Domestic Workers Convention May Be Landmark
10.8.2011 | Jason DeParle
Photo: Sim Chi Yin, NYT
WASHINGTON — When governments from around the globe passed a treaty in June to protect domestic workers, labor experts called it a surprising breakthrough for millions of exploited women.
Even countries that fail to ratify the pact will eventually be judged by its standards, they said, and the campaign to pass it had enlisted fresh allies, newly mindful of abuses from unpaid wages to rape.
Two days later, Saudi Arabia, a major destination for domestic workers, beheaded an Indonesian maid — at once highlighting the need for protections and the challenges of putting them in place.
The execution followed reports from maids who said their Saudi bosses had burned or beaten them, and the condemned woman, who killed her employer, said she had been abused. But when the Indonesian president protested, the Saudis stopped hiring Indonesians and pointedly turned to cheaper workers from countries less likely to complain.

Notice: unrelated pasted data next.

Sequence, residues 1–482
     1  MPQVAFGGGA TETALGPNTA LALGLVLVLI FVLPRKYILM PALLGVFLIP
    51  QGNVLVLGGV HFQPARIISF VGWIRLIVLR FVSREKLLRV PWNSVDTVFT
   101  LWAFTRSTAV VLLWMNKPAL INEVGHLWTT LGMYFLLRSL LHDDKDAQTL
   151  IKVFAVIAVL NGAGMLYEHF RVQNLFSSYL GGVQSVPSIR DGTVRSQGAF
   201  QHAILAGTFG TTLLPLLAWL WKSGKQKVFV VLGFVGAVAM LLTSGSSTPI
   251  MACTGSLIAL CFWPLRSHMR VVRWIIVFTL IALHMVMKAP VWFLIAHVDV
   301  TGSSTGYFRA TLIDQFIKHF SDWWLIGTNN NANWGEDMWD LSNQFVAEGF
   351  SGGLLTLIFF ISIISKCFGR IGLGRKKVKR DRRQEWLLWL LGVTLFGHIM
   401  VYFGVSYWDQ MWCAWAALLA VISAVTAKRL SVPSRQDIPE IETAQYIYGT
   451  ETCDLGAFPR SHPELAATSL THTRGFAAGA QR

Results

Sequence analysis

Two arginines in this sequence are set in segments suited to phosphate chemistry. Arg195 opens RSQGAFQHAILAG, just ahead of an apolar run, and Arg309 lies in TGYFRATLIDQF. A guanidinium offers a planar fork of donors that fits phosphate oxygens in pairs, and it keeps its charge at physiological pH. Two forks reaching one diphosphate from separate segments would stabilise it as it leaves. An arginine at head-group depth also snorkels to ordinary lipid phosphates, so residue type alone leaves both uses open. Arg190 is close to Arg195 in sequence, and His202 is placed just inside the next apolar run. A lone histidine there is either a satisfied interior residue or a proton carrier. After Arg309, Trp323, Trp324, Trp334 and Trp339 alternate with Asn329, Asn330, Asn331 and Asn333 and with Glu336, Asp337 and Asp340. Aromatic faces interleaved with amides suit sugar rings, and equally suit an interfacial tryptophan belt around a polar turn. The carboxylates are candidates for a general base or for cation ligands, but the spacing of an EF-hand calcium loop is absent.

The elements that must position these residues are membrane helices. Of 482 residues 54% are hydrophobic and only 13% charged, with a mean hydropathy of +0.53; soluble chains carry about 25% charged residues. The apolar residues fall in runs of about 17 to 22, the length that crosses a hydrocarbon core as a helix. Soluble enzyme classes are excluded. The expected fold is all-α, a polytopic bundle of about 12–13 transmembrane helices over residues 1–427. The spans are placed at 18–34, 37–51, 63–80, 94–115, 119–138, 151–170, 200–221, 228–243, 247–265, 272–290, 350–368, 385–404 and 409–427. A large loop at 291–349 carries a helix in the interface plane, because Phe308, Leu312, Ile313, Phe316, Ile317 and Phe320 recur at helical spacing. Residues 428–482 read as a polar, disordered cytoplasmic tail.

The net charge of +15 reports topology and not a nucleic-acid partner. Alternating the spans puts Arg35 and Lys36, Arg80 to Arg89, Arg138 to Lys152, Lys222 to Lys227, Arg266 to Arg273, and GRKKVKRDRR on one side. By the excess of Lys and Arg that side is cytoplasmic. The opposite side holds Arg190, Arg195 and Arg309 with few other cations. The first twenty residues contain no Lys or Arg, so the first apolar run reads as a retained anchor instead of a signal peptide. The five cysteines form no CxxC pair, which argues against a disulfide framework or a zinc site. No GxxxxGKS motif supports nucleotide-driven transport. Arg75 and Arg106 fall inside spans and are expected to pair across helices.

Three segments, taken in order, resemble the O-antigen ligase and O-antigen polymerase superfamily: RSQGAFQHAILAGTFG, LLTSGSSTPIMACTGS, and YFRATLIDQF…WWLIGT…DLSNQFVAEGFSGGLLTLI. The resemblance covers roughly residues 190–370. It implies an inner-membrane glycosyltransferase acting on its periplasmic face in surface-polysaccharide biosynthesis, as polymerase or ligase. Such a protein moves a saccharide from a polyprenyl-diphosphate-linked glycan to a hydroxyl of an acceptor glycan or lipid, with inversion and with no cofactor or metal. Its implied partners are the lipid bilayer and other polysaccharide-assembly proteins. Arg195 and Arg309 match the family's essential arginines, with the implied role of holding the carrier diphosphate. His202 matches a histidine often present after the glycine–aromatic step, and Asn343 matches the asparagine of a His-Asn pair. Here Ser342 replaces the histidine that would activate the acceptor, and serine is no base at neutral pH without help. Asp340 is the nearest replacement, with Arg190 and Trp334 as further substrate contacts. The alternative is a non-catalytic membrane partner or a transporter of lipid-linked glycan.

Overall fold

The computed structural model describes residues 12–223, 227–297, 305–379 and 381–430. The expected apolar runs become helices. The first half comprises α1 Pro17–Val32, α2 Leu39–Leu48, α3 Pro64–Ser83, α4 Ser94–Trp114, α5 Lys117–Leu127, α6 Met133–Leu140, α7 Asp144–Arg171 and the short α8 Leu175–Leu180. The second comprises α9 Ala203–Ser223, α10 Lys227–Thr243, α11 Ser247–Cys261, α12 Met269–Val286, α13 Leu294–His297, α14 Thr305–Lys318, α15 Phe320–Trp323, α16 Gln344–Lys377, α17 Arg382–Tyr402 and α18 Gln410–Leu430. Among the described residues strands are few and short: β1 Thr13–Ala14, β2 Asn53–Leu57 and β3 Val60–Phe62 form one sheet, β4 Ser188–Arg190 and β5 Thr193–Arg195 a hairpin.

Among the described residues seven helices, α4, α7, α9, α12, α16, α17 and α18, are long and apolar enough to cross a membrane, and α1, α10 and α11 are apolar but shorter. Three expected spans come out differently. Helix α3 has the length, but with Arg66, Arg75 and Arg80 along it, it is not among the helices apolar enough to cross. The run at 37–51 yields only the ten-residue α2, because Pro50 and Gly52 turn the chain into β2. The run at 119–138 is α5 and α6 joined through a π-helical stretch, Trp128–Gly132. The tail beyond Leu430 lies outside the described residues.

The twin developments — accord in Geneva and maid wars in Riyadh — show opposing forces in a global campaign to protect domestic workers, an overlooked group of as many as 100 million people.
More broadly, that campaign tests the effort to raise work standards in a world of cheap and mobile labor. Many domestic workers are migrants, and the precedents could shape the treatment of other migrant groups. On Sept. 30, for example, Hong Kong’s High Court struck down a law that had excluded domestic workers from the residency rights offered to other foreign citizens, potentially allowing 100,000 maids to gain the right to stay.
The events show that “officials have not forgotten about migrant workers,” said Philip Martin, an economist at the University of California, Davis. “But they are also a reminder of the difficulties of extending effective protections to them.”
“The receiving countries can always say, ‘We will get workers somewhere else,’ ” he said.
While acknowledging such challenges, the treaty’s supporters say that it establishes vital new principles and that it will accelerate changes already under way. Before the pact was approved, Singapore, Jordan and New York State had passed new laws, and proposals are being considered in places as different as California and Kuwait. Even Saudi Arabia, a source of frequent abuse complaints, is considering changes that officials may feel more inclined to accept after voting for the pact.